Disease Burden From Air Pollution Underestimated, U.N. Reports
“Air pollution is an underestimated scourge that kills far more people than AIDS and malaria and a shift to cleaner energy could easily halve the toll by 2030, U.N. officials said on Tuesday” at a conference in Oslo focusing on new development goals for the post-2015 development agenda, Reuters reports. “A 2012 World Health Organization (WHO) study found that 3.5 million people die early annually from indoor air pollution and 3.3 million from outdoor air pollution,” the news service notes, adding, “The data, published as part of a global review of causes of death in December 2012, were an upwards revision of previous figures of 1.9 million premature deaths caused by household pollution a year and 1.3 million outdoors, [Maria Neira, the WHO’s director of public health and environment,] said” (Doyle, 4/9). “Ground-level ozone pollution was estimated to cause an additional 200,000 premature deaths every year, the [U.N. Environment Programme (UNEP)] said in a press release,” the U.N. News Centre writes (4/8).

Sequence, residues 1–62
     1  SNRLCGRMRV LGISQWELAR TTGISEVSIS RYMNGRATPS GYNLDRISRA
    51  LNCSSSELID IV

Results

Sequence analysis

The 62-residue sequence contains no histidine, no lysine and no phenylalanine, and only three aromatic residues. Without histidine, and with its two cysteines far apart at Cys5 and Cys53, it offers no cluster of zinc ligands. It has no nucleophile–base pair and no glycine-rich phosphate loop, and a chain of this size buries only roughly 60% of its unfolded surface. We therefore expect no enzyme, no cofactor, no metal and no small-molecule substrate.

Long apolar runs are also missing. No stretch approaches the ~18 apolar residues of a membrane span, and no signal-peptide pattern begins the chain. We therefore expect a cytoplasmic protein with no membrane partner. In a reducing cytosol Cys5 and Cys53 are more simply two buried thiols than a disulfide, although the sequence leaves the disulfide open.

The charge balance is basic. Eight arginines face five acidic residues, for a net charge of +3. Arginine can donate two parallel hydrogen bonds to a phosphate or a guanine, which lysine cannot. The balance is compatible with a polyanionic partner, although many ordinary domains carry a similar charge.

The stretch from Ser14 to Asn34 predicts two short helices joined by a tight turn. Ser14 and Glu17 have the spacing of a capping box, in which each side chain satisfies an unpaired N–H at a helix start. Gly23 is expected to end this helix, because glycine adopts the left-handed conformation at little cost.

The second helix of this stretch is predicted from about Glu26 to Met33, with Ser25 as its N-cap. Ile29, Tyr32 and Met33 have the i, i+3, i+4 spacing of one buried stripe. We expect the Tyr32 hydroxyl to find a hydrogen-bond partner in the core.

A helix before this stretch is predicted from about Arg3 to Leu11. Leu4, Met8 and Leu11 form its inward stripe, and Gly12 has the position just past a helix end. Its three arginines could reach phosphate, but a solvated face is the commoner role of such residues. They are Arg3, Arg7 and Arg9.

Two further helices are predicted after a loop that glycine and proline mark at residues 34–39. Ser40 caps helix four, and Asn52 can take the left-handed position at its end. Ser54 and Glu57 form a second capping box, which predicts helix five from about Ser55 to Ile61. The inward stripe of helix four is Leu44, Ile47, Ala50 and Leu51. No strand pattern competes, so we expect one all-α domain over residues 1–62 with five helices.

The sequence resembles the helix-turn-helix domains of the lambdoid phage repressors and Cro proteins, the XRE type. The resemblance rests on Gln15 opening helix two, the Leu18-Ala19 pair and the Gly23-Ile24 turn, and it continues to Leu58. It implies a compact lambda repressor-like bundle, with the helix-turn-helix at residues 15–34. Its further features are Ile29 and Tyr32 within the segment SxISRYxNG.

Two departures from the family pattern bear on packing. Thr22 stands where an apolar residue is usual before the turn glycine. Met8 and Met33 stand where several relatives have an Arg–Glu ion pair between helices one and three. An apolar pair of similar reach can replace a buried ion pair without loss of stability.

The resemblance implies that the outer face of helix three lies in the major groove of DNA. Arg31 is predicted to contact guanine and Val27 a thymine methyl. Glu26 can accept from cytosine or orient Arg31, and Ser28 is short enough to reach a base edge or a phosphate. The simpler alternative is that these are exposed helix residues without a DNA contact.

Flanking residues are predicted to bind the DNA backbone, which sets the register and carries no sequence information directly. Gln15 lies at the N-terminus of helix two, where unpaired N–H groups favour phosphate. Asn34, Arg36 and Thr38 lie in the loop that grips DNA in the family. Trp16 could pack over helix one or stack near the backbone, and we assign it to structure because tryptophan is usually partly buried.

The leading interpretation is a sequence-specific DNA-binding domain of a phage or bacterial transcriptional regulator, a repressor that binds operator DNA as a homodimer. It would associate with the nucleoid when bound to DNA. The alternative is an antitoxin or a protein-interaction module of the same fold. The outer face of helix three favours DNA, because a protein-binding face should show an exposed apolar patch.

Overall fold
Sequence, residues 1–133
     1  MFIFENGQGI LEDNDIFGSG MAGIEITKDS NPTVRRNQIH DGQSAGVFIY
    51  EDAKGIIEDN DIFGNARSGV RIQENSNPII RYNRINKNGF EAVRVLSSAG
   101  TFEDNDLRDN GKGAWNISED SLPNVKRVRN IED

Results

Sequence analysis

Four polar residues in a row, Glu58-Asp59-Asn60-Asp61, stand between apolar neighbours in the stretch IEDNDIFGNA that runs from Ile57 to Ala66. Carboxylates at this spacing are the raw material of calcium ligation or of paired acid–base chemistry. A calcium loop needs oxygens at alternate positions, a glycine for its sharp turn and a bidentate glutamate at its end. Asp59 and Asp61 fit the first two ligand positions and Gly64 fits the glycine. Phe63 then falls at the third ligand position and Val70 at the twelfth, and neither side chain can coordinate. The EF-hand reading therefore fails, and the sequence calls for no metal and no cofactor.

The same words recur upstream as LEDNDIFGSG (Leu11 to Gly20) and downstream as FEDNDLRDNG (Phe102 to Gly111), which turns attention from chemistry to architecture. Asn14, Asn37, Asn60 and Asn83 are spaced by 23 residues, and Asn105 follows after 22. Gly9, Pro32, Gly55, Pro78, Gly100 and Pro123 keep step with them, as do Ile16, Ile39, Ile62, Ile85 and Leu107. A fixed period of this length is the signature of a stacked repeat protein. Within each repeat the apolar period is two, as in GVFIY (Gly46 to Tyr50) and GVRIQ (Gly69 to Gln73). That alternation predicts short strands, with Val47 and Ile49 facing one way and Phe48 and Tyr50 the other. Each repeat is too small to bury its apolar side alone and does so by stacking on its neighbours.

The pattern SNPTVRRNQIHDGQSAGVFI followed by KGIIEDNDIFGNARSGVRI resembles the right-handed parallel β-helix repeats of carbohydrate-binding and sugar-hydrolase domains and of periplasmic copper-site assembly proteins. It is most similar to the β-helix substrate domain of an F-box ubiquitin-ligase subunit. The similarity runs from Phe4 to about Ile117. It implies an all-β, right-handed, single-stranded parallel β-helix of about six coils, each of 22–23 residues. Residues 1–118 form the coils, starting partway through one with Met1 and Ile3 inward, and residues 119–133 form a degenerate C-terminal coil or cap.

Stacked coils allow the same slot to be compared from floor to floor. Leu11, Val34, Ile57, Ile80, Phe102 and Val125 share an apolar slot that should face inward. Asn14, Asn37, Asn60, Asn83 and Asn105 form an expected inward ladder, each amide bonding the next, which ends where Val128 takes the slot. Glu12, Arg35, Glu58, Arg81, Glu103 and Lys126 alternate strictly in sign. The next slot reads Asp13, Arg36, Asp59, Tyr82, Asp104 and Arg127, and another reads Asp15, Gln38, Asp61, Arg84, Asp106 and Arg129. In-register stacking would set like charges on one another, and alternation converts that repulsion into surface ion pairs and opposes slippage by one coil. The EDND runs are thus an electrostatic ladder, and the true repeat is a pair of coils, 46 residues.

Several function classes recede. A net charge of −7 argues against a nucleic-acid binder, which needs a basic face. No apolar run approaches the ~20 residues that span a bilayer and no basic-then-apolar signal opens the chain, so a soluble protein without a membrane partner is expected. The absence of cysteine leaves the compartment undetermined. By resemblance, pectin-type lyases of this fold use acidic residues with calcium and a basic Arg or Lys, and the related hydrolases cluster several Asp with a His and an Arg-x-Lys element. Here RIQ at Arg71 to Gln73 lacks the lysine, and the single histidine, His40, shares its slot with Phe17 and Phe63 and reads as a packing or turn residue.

“By comparison, U.N. reports show there were about 1.7 million AIDS-related deaths in 2011 and malaria killed about 660,000 people in 2010,” according to Reuters. “Investments in solar, wind or hydropower would benefit both human health and a drive by almost 200 nations to slow climate change, blamed mainly on a build-up of greenhouse gases in the atmosphere from use of fossil fuels, [officials at the conference] said,” the news service writes. “Almost 200 governments have agreed to work out by the end of 2015 a deal to combat climate change,” but “negotiations have stalled, partly because of economic slowdown and divisions between nations about how to share out the burden of cuts,” Reuters notes (4/9).
The KFF Daily Global Health Policy Report summarized news and information on global health policy from hundreds of sources, from May 2009 through December 2020. All summaries are archived and available via search.